We read this book:
I really enjoyed the book. It was British and had angsty romance, so you knew I was all about it. If you aren't familiar with the story, it's about these two people, Emma and Dexter, who meet on the day of their college graduation. Then it follows them on that same day every year for the next 20 years or so. Each chapter is that day the next year. Sometimes Emma and Dexter are together, sometimes they are apart. Sometimes they call each other, sometimes they thing about each other, sometimes they don't. But it's all about how they grow and learn and how their lives intersect.
It's a very cool concept, and I liked watching them grow up. The writing was great, and there were many times I wish I would have thought to start underlining lines that I loved. It's going to come out as a movie in 2011 starring Anne Hathaway and Jim Sturgess (yum), and I think it will be just the kind of movie that I love.
OMG, I want to sop him up with a biscuit!
(If you haven't noticed by now, I am very boy crazy.)
As much as I enjoyed it, though, I sort of want to just put it on the shelf and never think about it again. Have you ever read a book that just hits too close to home? I read as an escape from my life, so I really don't want to spend my free time reading a book like this...a book that felt like I was reading ABOUT my life. I don't need to read about my life...I live it every day.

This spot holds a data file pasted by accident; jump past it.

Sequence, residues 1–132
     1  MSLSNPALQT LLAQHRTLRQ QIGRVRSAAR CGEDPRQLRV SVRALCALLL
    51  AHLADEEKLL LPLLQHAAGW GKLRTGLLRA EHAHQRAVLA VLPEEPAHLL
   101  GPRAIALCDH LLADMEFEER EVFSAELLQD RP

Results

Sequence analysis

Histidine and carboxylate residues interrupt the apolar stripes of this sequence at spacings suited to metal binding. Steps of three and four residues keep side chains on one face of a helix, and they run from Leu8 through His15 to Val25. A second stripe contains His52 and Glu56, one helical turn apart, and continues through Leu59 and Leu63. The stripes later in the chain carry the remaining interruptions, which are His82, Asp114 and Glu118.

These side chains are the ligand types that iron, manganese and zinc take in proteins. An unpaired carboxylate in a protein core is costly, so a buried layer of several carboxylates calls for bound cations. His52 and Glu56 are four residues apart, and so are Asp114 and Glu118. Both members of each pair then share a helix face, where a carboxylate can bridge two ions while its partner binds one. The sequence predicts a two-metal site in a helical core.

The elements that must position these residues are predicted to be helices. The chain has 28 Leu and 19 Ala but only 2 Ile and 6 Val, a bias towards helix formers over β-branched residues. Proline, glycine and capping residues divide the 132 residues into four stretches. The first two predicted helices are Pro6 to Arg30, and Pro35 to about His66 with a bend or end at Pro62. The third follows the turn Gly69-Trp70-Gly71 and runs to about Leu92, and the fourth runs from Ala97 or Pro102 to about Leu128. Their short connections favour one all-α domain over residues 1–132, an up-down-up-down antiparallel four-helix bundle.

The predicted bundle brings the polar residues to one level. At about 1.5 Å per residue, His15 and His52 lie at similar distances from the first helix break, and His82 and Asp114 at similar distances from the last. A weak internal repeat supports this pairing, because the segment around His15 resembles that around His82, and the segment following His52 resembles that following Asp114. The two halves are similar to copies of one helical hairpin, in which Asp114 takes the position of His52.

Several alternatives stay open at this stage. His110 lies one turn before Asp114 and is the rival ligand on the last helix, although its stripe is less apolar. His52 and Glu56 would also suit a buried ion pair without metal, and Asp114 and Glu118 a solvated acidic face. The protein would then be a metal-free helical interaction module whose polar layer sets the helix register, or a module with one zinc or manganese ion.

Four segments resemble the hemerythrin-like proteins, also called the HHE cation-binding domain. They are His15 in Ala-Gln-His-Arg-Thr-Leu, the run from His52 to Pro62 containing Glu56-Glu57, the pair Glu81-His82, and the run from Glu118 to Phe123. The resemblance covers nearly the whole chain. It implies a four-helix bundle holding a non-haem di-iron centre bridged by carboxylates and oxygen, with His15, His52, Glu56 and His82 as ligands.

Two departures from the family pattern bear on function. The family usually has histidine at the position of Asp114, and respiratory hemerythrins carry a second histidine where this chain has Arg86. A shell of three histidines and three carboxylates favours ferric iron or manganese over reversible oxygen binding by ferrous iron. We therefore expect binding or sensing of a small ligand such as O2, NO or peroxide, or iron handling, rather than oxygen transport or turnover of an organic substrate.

Aside from the obvious, Emma is a high school English teacher who works toward becoming a MG/YA author*, there were so many ways in which I related to Emma's struggles in life. At the beginning of the book I felt like I didn't like her very much, but eventually I realized that it was because we were so similar, and in some way reading Emma's sections of the book felt like being inside of my own head. (I'm in my own head all the time, and, trust, it's an emo place with skinny jeans and hair in your face and eyeliner.) And while I should think this is cool (isn't that a great thing in a book? To be able to relate to it so well?), I just found it depressing, and I closed the book feeling sad and defeated about my own life.
I guess it's a good thing that a book made me FEEL so much, but it made me feel stuff I didn't want to feel. And it left me feeling eh about I book I think I would have truly loved otherwise.
And I think this has a lot to do with why I love to read and write YA. For me, YA truly is an escape. It's an escape to a time in life that I both loved and hated, but, no matter what, it never feels like what I'm going through right now, and I love that.
Have you ever had a weird experience with a book like this?
*It did bug me at one point in the book that she talks about wanting to finish up her MG/YA series so she can write something "real" and she constantly downplays her MG/YA series by saying "oh, it's just a silly thing for teenagers." Grr.